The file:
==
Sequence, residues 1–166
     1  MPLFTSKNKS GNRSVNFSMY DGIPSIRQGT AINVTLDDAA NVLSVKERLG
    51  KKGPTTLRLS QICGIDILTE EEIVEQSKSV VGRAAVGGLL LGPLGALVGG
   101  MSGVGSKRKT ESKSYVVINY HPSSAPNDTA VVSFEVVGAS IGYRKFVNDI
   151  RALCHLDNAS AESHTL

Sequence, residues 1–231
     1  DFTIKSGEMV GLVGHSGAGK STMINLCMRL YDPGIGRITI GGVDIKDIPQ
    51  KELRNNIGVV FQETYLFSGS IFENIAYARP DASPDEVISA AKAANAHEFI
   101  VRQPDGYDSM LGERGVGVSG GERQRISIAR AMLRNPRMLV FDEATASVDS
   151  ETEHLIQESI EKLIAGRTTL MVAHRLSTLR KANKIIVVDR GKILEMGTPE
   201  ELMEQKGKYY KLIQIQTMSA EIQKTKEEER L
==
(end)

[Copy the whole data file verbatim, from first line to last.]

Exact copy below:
Sequence, residues 1–166
     1  MPLFTSKNKS GNRSVNFSMY DGIPSIRQGT AINVTLDDAA NVLSVKERLG
    51  KKGPTTLRLS QICGIDILTE EEIVEQSKSV VGRAAVGGLL LGPLGALVGG
   101  MSGVGSKRKT ESKSYVVINY HPSSAPNDTA VVSFEVVGAS IGYRKFVNDI
   151  RALCHLDNAS AESHTL

Sequence, residues 1–231
     1  DFTIKSGEMV GLVGHSGAGK STMINLCMRL YDPGIGRITI GGVDIKDIPQ
    51  KELRNNIGVV FQETYLFSGS IFENIAYARP DASPDEVISA AKAANAHEFI
   101  VRQPDGYDSM LGERGVGVSG GERQRISIAR AMLRNPRMLV FDEATASVDS
   151  ETEHLIQESI EKLIAGRTTL MVAHRLSTLR KANKIIVVDR GKILEMGTPE
   201  ELMEQKGKYY KLIQIQTMSA EIQKTKEEER L